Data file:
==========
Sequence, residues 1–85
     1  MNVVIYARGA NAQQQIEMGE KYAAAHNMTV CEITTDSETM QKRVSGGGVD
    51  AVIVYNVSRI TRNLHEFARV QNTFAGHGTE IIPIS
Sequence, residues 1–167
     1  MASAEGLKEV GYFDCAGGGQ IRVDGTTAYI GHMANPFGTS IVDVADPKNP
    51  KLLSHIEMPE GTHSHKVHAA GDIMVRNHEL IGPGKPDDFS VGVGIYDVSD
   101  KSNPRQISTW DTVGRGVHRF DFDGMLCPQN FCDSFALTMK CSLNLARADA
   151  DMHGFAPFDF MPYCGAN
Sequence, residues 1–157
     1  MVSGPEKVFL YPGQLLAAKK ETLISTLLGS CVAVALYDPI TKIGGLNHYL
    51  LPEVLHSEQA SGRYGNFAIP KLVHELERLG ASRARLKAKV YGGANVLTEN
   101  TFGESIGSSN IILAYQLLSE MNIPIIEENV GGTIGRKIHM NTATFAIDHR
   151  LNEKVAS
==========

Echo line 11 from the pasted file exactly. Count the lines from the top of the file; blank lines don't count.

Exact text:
    51  LPEVLHSEQA SGRYGNFAIP KLVHELERLG ASRARLKAKV YGGANVLTEN